Come April 28 at a public meeting, Sandusky ex officio mayor Dennis Murray Jr. plans to introduce legislation to reduce the number of elected commissioners from seven to five. The ex officio mayor is one of seven commissioners.
•At least four of the seven commissioners would need to approve Murray’s proposal through a public vote.
•Residents, during an election, would determine whether they want five or seven commissioners. A citywide vote could be scheduled as soon as November.
Hypothetically, if approved, the soonest a reduction could happen would be in fall 2015, when four of seven city commission seats are up for election for terms set to start in January 2016.
“Instead of four positions being elected, two would be elected,” Murray said. “Commissioners will still have four-year terms and be elected on a staggered basis”
The commissioners up for election come fall 2015: Jeff Smith, Wes Poole and Scott Schell, who now serves in Keith Grohe’s seat. Grohe resigned from office earlier this year, citing health problems.
Commissioner Julie Farrar can’t run again due to term limits, making her seat open for someone else to occupy.
Murray, and commissioners Dick Brady and Naomi Twine, just won a four-year term beginning in January, and can remain on commission through 2017.
Since 1980, city commission has been comprised of seven Sandusky residents. Before 1980, five people served as commissioners.
Five commissioners, as opposed to seven, could also mean each elected official obtains a small boost in pay. Commissioners today make about $5,200 a year, or $100 a week, with the ex officio mayor receiving $6,400 annually.
Commissioners’ take on 5 vs. 7
The Register asked all seven commissioners for their opinion on the proposed change and whether they support the measure.
Here are the responses:
“Sandusky has consistently lost population since a high of approximately 33,000 people in 1970 to a current estimate of approximately 25,000 people (today). Based upon the decrease in population, it would seem reasonable to lessen the number of commissioners. Also, as people who work with other people know, it’s easier to get a smaller group going in the same direction than trying to get a larger group on the same page”
— Naomi Twine
“I am in full support of reducing the size of commission. I feel going to five commissioners is much more manageable. You will spend less time trying to rally support for issues, and you will also be able to handle the city’s business more swiftly with fewer people”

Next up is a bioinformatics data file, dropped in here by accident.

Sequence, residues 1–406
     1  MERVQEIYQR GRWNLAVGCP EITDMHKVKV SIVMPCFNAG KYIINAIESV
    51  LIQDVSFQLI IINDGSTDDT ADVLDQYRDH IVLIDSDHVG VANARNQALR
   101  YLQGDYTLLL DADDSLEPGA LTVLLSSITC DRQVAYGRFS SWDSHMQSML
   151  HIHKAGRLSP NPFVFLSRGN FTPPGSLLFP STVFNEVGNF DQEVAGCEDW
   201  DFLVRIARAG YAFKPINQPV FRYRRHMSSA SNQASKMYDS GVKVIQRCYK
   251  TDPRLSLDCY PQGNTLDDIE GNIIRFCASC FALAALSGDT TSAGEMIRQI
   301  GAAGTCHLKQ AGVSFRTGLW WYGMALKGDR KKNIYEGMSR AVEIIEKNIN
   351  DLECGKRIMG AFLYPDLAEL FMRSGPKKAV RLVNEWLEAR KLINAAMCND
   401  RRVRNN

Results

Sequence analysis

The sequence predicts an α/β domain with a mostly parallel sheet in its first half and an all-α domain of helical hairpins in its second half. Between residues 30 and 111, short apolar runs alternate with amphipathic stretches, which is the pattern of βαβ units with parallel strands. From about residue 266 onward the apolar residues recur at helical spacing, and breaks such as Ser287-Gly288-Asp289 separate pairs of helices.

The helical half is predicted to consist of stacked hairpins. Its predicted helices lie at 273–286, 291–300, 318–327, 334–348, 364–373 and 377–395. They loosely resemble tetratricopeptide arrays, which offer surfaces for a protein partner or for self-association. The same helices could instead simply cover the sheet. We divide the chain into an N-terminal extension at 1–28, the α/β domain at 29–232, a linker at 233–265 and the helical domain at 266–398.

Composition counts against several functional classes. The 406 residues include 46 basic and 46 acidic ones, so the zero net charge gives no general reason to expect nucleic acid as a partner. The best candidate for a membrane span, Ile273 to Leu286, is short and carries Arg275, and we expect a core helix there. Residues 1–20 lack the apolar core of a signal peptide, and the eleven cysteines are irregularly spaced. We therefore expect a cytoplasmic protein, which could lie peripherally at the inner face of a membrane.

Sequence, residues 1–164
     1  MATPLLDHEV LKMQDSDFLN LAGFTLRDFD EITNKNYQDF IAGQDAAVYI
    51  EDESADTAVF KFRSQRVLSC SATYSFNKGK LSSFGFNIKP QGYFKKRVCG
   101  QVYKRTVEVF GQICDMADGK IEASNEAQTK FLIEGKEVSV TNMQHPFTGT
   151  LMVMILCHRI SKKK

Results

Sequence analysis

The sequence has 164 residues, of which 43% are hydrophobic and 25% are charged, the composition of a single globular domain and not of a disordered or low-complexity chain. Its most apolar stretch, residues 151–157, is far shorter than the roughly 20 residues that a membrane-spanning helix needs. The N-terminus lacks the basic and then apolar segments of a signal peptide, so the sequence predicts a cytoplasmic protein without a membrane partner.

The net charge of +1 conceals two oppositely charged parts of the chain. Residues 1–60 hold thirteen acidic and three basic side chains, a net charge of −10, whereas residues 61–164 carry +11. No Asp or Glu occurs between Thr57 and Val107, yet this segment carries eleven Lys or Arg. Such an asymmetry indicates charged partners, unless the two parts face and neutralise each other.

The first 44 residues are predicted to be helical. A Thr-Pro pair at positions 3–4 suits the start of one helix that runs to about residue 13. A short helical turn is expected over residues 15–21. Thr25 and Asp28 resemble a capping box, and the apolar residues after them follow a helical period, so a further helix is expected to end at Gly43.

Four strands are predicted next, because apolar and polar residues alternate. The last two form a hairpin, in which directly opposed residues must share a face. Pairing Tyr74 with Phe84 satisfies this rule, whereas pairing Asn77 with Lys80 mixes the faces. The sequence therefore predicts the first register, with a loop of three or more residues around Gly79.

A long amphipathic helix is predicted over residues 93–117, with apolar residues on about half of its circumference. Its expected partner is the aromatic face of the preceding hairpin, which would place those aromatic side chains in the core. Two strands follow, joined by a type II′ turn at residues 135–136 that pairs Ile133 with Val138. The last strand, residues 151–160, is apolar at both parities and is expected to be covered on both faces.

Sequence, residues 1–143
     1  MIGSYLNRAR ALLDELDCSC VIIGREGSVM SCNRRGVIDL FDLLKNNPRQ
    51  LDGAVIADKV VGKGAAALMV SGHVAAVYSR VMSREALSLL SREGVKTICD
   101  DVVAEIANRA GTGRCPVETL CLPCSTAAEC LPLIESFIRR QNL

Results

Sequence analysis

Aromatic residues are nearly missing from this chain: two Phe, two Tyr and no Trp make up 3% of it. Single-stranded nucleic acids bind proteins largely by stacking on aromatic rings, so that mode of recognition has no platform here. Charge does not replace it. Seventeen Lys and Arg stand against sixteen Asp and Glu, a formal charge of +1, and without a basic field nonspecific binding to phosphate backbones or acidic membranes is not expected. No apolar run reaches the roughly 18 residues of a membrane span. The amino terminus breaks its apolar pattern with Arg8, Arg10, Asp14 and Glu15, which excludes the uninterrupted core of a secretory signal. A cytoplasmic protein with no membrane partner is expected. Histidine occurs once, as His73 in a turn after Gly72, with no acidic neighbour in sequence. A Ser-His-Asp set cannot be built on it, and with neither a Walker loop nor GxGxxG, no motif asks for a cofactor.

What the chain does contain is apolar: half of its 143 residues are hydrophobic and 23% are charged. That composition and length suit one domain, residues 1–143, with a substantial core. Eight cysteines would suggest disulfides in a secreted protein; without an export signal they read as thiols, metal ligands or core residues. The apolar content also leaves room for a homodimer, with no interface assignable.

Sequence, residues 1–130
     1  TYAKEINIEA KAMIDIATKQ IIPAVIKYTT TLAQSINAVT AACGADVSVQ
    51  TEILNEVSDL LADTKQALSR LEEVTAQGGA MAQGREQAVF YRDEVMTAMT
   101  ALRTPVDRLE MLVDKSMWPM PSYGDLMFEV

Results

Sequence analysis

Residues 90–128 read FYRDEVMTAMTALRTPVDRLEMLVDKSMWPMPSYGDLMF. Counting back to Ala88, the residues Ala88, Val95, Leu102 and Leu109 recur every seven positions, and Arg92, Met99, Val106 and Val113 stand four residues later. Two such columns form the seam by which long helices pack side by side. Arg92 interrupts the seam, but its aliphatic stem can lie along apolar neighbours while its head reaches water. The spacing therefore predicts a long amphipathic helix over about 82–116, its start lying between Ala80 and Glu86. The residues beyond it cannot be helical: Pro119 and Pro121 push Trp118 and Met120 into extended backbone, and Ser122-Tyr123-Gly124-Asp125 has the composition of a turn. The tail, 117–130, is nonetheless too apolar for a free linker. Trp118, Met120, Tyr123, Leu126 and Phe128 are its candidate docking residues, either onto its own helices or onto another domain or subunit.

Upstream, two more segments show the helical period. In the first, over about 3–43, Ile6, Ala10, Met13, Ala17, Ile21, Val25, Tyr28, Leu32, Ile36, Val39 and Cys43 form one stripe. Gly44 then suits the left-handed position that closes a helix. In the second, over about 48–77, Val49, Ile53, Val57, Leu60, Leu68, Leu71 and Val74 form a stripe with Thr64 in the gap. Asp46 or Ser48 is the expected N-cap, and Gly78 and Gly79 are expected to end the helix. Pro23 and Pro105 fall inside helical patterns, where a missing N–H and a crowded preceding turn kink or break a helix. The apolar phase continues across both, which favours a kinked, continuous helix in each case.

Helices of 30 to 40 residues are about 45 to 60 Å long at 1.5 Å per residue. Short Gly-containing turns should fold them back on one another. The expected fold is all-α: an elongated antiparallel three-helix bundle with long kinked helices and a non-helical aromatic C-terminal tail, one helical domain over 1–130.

— Julie Farrar
“Citizens want representation within our city government. Reducing the amount of commissioners will reduce their representation. I see no value to the city of Sandusky or the citizens of Sandusky in reducing the number of commissioners. The main issues that top the list from citizens are neighborhoods and jobs. In my discussions with citizens, reduction of commission has never come up.”
— Jeff Smith
“Salary increase and reducing the size of commission are two separate ballot issues. Both should be approved for terms beginning in 2016. Reduce the commission by two. Divide the salaries saved between the five. There will be no cost increase to the citizens”
— Wes Poole
“I am strongly in favor of this legislation. Seven-member commissions have proven in the past to be difficult to gain a consensus on. As part-time legislators, we are required to spend a lot of time lobbying our fellow commissioners on the merits of actions that affect our city. I believe that reducing our numbers will encourage competent people to seek these offices, knowing that they can create positive change with the support of only two fellow commissioners (three out of five for a consensus)”
— Dick Brady
“Ultimately, the decision to reduce commission from seven to five would be in the hands of the voters. All we can do as commissioners is vote to place the initiative on the ballot. I would not be opposed to placing this initiative on the ballot”
— Scott Schell
“Larger groups tend to allow some members to ‘hide’ and also are more likely to splinter. By contrast, smaller groups are more likely to achieve consensus. When you combine that with the fact that the composition of this particular group usually changes every two years, it is more difficult for the group to be cohesive”
— Dennis Murray Jr., ex officio mayor